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Rape, Sexual Assault Likely Underestimated by Crime Survey

Errors in samples, response, specification and measurements; new survey should be developed
FRIDAY, Nov. 22, 2013 (HealthDay News) -- Rape and sexual assault are likely underestimated on the National Crime Victimization Survey (NCVS) and a new survey should be developed for more accurate estimation of incidence, according to a report published by the National Academy of Sciences.
Candace Kruttschnitt, Ph.D., from the University of Toronto, and colleagues discuss concerns about potential underestimation of rape and sexual assault by the NCVS.
The researchers note that errors were involved in the NCVS, including sampling, frame and processing, response, specification, and measurement errors. Four major barriers for quality measurement were identified on the NCVS: a sample design that is inefficient for measuring low incidence events; the context of crime that defines the survey; a lack of privacy for survey respondents; and the use of words with ambiguous meanings in key measures. The use of ambiguous terms could be addressed within the structure and operations of the current NCVS survey, while the other barriers would require modifications to the NCVS. The authors recommend that an independent survey be developed for measuring rape and sexual assault.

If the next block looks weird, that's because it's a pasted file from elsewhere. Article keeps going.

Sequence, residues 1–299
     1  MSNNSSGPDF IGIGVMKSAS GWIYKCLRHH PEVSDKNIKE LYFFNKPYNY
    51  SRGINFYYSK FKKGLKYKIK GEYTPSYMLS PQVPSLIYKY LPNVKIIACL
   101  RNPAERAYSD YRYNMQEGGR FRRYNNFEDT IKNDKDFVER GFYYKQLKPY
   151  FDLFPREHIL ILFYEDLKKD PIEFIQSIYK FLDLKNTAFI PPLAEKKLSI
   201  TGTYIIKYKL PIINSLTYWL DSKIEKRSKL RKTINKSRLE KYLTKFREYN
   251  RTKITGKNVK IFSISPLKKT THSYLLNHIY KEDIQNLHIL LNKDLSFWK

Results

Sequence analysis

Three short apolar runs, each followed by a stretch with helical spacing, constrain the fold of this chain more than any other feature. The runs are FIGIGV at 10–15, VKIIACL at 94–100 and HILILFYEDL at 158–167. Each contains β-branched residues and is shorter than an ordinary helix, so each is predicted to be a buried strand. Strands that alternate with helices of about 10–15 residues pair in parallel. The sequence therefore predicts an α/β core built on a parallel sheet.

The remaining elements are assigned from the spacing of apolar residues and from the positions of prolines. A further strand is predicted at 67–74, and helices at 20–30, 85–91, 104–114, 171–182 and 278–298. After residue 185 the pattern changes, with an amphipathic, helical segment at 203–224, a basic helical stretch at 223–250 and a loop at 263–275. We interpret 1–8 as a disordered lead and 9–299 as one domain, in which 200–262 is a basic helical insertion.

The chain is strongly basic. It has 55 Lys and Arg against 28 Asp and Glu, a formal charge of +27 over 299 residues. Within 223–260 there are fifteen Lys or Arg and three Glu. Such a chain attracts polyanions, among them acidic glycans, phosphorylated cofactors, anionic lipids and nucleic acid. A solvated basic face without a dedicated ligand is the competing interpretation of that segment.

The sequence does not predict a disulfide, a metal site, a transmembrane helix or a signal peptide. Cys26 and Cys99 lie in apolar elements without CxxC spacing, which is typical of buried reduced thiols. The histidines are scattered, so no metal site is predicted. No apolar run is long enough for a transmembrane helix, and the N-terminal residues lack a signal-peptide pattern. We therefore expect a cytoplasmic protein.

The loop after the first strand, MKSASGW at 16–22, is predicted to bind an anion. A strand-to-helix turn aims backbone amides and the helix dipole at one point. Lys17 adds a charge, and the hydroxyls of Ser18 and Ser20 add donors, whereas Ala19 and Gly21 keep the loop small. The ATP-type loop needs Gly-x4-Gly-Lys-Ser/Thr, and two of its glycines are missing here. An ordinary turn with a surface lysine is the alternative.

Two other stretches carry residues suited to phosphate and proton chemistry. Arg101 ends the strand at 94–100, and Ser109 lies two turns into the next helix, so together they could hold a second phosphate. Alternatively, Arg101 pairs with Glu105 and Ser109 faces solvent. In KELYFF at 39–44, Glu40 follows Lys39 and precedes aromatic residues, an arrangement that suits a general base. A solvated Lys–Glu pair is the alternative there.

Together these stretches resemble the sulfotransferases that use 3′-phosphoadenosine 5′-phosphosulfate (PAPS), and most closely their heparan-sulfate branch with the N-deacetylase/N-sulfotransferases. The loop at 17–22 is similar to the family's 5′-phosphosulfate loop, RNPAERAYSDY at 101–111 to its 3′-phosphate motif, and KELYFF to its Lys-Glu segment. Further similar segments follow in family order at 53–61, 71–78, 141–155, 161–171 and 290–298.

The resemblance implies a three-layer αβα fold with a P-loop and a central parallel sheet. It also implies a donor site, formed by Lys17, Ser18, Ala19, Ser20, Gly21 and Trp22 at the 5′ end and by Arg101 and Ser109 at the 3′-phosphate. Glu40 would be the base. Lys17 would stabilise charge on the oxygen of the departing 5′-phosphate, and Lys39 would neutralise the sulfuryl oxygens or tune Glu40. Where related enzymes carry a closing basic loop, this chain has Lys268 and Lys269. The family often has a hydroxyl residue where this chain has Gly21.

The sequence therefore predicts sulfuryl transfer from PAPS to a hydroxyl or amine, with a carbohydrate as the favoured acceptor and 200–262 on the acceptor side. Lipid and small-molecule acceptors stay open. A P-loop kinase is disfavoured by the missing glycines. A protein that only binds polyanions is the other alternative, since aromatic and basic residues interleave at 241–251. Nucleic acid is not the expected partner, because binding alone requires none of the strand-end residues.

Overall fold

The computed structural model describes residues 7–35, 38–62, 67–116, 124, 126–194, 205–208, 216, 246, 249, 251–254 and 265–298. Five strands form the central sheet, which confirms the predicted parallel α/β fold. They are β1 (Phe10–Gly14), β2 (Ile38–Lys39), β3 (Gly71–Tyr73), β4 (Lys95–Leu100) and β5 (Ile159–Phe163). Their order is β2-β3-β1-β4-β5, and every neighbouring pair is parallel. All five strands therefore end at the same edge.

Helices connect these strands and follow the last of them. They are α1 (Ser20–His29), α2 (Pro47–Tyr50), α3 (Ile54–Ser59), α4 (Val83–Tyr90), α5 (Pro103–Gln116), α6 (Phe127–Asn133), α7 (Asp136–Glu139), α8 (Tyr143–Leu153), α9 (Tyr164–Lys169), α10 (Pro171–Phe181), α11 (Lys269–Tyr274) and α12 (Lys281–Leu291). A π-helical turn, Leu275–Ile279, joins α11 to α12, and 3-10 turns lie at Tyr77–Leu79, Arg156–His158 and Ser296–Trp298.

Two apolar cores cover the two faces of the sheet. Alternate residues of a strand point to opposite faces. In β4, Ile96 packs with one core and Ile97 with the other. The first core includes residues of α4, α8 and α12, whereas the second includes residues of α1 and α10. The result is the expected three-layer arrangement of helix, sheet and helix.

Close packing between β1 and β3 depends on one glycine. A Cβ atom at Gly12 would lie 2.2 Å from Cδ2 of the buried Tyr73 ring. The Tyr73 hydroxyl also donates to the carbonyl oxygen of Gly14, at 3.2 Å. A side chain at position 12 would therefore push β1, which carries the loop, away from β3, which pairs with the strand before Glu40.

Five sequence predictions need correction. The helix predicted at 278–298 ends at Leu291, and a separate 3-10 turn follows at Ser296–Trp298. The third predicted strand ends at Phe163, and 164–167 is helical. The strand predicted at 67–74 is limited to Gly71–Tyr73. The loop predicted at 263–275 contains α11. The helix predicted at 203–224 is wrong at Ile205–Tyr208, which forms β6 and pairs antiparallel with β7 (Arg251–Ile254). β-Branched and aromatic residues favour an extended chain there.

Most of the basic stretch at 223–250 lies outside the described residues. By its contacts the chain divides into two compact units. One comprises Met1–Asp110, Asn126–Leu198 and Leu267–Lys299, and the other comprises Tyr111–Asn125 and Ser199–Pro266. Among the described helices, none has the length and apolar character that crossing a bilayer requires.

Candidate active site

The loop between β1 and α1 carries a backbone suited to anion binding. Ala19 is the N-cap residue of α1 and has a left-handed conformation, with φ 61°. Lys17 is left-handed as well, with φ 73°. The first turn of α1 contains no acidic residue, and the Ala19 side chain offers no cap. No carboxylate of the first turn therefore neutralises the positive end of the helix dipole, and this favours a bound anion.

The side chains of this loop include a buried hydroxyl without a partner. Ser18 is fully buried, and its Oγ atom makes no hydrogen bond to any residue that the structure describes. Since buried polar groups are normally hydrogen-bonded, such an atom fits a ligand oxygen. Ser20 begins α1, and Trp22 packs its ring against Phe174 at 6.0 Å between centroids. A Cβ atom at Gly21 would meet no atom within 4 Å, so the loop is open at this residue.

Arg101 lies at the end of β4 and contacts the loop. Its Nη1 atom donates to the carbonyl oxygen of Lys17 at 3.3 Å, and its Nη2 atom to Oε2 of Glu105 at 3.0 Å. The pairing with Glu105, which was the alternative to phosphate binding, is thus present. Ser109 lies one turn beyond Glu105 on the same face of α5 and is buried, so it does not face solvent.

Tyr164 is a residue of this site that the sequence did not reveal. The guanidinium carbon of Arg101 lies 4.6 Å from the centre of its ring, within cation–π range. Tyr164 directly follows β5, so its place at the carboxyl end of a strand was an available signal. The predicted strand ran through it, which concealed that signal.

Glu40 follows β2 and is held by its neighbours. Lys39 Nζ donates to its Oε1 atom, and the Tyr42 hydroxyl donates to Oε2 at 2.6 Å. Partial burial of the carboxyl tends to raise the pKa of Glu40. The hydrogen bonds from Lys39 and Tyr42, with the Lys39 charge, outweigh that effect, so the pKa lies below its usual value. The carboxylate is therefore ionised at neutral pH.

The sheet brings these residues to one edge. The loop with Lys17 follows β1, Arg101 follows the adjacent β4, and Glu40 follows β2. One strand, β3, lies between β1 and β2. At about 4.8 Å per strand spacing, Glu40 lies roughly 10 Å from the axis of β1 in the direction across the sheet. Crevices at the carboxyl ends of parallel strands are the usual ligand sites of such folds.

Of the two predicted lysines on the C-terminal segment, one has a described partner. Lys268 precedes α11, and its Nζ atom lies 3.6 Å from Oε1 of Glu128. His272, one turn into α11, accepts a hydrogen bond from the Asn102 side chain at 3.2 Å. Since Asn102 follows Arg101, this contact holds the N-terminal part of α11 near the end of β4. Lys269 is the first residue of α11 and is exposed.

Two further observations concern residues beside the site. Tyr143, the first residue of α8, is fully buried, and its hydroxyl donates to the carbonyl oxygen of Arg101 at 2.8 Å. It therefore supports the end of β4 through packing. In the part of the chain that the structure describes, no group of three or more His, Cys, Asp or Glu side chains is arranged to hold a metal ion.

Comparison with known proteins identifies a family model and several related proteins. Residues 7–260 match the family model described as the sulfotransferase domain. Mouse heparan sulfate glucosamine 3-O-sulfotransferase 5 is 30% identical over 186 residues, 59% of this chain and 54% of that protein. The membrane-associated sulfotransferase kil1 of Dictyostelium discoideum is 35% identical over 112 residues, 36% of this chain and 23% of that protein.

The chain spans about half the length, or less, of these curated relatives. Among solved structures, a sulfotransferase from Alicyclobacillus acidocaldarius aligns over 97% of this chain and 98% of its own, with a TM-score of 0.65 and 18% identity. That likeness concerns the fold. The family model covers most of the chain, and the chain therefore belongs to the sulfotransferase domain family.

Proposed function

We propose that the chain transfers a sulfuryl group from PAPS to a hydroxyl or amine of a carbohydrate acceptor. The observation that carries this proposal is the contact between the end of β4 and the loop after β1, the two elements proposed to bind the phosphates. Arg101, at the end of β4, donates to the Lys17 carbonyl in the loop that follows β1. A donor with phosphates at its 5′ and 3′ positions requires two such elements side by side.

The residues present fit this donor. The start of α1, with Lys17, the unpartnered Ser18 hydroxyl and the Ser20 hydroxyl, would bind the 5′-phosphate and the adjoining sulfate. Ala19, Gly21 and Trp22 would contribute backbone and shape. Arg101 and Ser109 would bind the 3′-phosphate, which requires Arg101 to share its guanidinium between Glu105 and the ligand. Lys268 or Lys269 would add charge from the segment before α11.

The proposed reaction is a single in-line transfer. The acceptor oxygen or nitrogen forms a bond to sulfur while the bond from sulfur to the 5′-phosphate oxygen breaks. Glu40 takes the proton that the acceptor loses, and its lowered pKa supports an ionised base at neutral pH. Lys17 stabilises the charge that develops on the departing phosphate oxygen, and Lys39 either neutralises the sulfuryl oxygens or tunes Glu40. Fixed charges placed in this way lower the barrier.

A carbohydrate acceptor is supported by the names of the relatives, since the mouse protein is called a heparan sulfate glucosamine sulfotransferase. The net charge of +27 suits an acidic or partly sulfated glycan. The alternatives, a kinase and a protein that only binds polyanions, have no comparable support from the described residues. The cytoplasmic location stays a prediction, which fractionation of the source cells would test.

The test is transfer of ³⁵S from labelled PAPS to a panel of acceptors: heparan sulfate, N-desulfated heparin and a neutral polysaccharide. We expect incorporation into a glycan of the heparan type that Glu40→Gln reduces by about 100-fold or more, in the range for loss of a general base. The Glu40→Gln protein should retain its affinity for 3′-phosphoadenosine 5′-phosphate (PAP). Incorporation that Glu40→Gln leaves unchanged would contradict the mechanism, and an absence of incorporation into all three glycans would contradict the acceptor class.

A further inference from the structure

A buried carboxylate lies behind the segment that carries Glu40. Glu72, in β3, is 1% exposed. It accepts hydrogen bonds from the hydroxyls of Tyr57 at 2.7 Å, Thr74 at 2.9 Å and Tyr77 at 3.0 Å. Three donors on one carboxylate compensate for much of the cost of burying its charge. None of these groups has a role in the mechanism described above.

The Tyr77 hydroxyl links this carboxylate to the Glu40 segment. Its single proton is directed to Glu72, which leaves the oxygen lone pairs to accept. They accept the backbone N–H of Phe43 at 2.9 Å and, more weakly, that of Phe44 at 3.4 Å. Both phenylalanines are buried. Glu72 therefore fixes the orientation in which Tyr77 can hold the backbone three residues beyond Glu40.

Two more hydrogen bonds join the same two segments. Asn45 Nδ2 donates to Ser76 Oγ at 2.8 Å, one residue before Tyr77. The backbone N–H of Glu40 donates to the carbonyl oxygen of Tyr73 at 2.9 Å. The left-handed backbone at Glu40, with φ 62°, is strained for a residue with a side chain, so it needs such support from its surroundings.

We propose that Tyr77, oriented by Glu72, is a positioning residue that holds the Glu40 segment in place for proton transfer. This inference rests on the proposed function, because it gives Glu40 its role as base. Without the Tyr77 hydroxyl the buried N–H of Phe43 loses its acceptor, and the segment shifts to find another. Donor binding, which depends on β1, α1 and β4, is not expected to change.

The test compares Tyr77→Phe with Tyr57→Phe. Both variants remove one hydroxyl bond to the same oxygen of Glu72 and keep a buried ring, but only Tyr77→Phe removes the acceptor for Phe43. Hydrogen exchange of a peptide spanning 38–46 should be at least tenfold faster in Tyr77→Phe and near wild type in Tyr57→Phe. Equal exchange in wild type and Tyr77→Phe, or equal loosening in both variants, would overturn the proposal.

"To more accurately measure when and how these victimizations occur, we recommend a separate survey that is focused on these specific crimes within a public health context and targets those most at risk for sexual violence," said William Kalsbeek, Ph.D., who also co-chaired the panel and is a professor of biostatistics at the University of North Carolina in Chapel Hill.
More Information (http://www.nap.edu/catalog.php?record_id=18605 )
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